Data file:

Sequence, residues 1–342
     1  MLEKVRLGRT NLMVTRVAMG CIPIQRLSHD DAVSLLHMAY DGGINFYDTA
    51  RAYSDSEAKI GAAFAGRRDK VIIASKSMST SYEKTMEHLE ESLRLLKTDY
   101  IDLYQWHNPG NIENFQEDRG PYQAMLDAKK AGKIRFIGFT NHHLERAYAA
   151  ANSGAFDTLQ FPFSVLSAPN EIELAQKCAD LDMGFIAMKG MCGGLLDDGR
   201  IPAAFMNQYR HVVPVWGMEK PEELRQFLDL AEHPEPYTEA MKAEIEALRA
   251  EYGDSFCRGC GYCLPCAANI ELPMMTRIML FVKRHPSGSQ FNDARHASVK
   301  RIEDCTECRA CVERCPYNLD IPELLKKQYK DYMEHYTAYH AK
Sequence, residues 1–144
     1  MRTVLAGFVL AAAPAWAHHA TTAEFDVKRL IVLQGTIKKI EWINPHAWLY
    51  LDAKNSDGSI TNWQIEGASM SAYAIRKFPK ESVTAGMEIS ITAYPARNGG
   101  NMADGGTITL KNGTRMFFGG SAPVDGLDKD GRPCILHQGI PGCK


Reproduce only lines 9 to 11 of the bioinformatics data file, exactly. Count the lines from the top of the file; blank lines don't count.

Sequence, residues 1–144
     1  MRTVLAGFVL AAAPAWAHHA TTAEFDVKRL IVLQGTIKKI EWINPHAWLY
    51  LDAKNSDGSI TNWQIEGASM SAYAIRKFPK ESVTAGMEIS ITAYPARNGG